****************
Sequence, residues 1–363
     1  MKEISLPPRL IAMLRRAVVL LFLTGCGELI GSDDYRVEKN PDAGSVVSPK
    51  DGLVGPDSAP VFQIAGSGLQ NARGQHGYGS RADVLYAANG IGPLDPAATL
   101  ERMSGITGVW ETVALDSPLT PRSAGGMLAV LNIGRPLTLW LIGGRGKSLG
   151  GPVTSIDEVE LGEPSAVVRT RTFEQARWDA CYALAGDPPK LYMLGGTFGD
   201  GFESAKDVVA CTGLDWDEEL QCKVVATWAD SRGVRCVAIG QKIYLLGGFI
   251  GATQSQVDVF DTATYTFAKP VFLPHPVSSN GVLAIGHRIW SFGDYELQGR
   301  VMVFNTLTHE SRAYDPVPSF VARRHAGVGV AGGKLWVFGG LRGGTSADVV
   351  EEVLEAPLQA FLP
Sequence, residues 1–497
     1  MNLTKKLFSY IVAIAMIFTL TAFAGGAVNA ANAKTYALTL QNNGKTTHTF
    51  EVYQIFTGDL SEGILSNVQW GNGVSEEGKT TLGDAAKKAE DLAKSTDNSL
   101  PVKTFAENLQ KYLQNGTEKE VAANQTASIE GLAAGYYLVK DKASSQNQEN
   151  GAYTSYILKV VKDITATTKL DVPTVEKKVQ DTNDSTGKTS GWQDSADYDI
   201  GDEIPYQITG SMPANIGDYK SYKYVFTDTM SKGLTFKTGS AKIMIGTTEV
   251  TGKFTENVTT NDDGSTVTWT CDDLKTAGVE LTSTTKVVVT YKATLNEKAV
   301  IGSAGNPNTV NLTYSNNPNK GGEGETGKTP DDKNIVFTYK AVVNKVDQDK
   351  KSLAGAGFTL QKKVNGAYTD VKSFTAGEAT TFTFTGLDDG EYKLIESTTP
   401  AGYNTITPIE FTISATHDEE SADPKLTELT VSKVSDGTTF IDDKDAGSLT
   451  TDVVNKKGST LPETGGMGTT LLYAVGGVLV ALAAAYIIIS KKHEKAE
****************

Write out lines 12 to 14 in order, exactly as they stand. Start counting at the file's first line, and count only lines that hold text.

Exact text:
    51  EVYQIFTGDL SEGILSNVQW GNGVSEEGKT TLGDAAKKAE DLAKSTDNSL
   101  PVKTFAENLQ KYLQNGTEKE VAANQTASIE GLAAGYYLVK DKASSQNQEN
   151  GAYTSYILKV VKDITATTKL DVPTVEKKVQ DTNDSTGKTS GWQDSADYDI